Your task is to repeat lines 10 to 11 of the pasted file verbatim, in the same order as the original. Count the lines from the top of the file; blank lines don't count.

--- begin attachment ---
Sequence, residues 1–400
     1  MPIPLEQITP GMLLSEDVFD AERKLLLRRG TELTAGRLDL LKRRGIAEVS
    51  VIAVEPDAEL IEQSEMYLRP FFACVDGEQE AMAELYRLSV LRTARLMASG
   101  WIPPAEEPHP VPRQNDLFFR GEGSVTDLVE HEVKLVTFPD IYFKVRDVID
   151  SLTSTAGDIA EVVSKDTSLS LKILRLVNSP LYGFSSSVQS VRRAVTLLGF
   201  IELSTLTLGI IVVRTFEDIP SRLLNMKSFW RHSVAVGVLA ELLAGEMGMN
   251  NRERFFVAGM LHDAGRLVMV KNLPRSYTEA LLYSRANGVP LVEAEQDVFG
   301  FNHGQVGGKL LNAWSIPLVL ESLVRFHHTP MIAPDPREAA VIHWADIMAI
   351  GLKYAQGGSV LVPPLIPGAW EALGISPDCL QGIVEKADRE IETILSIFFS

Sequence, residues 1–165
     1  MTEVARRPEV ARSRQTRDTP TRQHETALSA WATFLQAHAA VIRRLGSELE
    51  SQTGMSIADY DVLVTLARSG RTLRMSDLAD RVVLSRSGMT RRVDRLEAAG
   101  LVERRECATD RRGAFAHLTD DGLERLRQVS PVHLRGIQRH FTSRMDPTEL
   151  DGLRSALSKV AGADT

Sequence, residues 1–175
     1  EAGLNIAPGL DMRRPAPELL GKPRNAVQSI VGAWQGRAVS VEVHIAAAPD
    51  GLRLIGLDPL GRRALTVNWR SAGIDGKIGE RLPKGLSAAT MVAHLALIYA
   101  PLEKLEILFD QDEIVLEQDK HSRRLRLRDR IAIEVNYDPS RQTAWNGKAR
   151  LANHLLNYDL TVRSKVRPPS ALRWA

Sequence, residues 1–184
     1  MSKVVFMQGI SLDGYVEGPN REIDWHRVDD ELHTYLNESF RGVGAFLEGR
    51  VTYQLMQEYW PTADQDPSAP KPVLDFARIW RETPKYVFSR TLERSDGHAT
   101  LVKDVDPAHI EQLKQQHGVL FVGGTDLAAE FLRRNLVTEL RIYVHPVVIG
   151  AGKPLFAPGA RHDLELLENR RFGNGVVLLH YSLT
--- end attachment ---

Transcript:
Sequence, residues 1–165
     1  MTEVARRPEV ARSRQTRDTP TRQHETALSA WATFLQAHAA VIRRLGSELE